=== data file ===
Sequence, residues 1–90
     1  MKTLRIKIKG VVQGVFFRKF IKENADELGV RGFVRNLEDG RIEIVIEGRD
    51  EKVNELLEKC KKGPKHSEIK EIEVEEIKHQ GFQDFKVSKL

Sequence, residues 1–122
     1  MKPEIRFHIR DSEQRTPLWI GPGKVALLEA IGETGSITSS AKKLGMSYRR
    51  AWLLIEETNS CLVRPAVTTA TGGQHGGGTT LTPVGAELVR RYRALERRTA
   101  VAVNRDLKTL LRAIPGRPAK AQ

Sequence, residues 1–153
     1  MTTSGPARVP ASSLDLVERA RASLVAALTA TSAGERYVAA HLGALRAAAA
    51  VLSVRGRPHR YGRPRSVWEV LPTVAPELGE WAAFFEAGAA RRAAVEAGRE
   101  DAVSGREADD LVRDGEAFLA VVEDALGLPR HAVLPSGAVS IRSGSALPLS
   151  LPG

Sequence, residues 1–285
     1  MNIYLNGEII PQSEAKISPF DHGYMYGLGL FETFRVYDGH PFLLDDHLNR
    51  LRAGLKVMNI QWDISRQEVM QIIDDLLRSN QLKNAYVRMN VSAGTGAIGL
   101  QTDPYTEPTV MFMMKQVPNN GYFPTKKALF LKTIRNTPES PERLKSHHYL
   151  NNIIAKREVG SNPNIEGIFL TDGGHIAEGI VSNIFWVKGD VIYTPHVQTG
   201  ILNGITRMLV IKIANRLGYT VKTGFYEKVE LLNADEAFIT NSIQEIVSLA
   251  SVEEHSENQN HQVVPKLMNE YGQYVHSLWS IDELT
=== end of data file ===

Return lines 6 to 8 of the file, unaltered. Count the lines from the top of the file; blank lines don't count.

    51  AWLLIEETNS CLVRPAVTTA TGGQHGGGTT LTPVGAELVR RYRALERRTA
   101  VAVNRDLKTL LRAIPGRPAK AQ

Sequence, residues 1–153